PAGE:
Posted on Sat 22 April 2017

Read Time: 4 minutes

Engagement in the Digital Humanities

Proposals for HASTAC 2017, were due on April 17th. I wrote one, and submitted it.

I wasn’t happy with it. Wouldn’t it be nice if every time we wrote a proposal we felt confident? Well, that is not the case here.

I find that I write proposals in one of two ways. In the first way, I write about the research I am doing. In the second, I write about something I want an excuse to investigate more closely. Obviously, the second approach has its problems. Proposals are much more nebulous and far less clear on outcomes and ideas. Yet, I find that it can also really help me to open up my approach and focus on areas that I wasn’t directly engaged with before. I like having that opportunity.

I feel that my proposal for HASTAC was a bit more of the second than the first. Regardless of what happens, I want to use this space to hash out my ideas a bit more with the warning that this is still very much a thought exercise in progress.

I’ve been thinking a lot about how digital rhetoricians talk about and use digital technology. How do we engage and create? What does it mean to use specific hardware and software? A lot of great research has gone into those questions. My question is how do we share that? In some sense, the interdisciplinary nature of DH is less interdisciplinary and more new disciplinary. In other words, we share our findings with other researchers in the digital humanities, but it never seems to filter that far beyond our borders.

I presented two workshops at our DH-Lab here at UW-Milwaukee. Now, we’re small, but there are a lot of people who have at least a cursory interest in what it going on in the lab. My workshops were aimed at writing and version control. Really, they were an attempt to ask participants to consider how MS Word and its clones shape our writing practice (for better and for worse), and what we can do to increase our awareness of potential options rather than staying with the standard (locked-in) MS-Office suite or its clones. I wanted to get them to think about the affordances and challenges that such an approach might entail for themselves and their students.

Attendance was poor. I was okay with that in the sense that I could share and meet the needs of the few that did come, but what was more distressing what the lack of response from those places that could have been the most impacted. Now, I should be fair. April 20th is a stupid time to host a workshop. I am sure that was part of the problem. Of course, I have attended many workshops on digital tools in the lab and none seem to have the impact that they could and maybe should have had. Too often, I feel that digital research in the Humanities, especially in the areas of digital writing and rhetoric, is focused on the end product and not the tools. We talk and teach about openness and access in the classroom while typing away on Mac books and requiring all documents to be in MS Word format. There is a disconnect there.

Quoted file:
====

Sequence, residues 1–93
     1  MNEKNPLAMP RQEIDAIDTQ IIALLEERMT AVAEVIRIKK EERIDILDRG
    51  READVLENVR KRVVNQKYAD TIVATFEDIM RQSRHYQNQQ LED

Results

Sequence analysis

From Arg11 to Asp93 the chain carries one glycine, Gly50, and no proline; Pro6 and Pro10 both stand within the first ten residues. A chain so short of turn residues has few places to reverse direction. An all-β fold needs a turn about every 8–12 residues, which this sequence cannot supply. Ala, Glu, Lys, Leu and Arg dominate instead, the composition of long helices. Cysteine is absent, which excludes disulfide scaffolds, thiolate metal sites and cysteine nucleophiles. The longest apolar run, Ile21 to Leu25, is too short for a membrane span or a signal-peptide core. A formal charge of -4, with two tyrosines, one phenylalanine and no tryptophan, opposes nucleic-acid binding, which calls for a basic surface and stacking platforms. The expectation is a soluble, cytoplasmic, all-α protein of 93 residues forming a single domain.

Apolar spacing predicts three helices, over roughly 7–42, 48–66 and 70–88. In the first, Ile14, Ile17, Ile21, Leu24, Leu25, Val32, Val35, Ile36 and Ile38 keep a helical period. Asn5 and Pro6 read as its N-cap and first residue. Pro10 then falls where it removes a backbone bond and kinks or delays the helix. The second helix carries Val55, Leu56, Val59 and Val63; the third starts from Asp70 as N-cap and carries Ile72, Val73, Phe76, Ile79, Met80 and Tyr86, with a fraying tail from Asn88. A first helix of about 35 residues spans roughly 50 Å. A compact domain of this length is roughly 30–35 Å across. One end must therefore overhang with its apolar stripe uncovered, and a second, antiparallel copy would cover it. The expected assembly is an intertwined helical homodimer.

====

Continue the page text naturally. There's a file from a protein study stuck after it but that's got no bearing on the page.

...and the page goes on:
I want to stress that I do not think that Open Source or Free Software is a panacea. There are absolutely multiple issues that arise when we consider these approaches. That said, I think a deep discussion into those issues and into ways to address those issues could be useful for everyone involved.

So, my goal for my HASTAC talk, is to talk about how digital humanities researchers cross the divide within our own disciplines. In particular, how do digital humanities labs engage with researchers outside of the direct circle of the digital humanities? We do, occasionally. Certain artists or speakers can draw a crowd, but how do we move from a cool talk to potential change? I think a lot of researchers see DH as that archival project over there, and they miss the critical work being done into how technology shapes lives and teaching not only on a theoretical but on a practical level as well. I think DH Labs can really help to open that conversation up. So, I want to talk about that for a 5-8 minutes.

Will I get in? I am not convinced. That proposal was pretty rough, and wildly rambling. I hope I do, though. I actually have a meeting with our DH Lab director next week to talk about this, and I think that this may grow into something more as I look at participatory culture, publics, and technology. Most of all, its something that is important to me which means, HASTAC or not, I have to see where it leads.

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Author: Geoff Gimse

Category: rhetoric

Tags: digital humanities, technology, technoscience

© Geoffrey Gimse (Opinions expressed here are my own and are not neccessarily shared by employers, friends, or colleagues.). Built using Pelican. Except where noted, all photos are my own. Other images used on this site are in the Public Domain and available from Openclipart, or have been purchased for use via The Noun Project.